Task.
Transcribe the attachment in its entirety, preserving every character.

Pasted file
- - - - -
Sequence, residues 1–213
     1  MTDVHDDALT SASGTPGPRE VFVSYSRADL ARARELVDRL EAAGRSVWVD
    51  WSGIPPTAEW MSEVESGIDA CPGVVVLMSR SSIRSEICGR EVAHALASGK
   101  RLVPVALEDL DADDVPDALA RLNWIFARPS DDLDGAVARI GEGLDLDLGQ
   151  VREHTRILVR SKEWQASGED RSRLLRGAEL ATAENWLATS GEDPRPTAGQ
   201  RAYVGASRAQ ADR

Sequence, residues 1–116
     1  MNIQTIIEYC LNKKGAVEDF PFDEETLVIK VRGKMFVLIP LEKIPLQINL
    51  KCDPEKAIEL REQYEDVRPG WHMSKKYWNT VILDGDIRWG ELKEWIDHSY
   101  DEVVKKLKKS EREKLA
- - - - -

Sequence, residues 1–213
     1  MTDVHDDALT SASGTPGPRE VFVSYSRADL ARARELVDRL EAAGRSVWVD
    51  WSGIPPTAEW MSEVESGIDA CPGVVVLMSR SSIRSEICGR EVAHALASGK
   101  RLVPVALEDL DADDVPDALA RLNWIFARPS DDLDGAVARI GEGLDLDLGQ
   151  VREHTRILVR SKEWQASGED RSRLLRGAEL ATAENWLATS GEDPRPTAGQ
   201  RAYVGASRAQ ADR

Sequence, residues 1–116
     1  MNIQTIIEYC LNKKGAVEDF PFDEETLVIK VRGKMFVLIP LEKIPLQINL
    51  KCDPEKAIEL REQYEDVRPG WHMSKKYWNT VILDGDIRWG ELKEWIDHSY
   101  DEVVKKLKKS EREKLA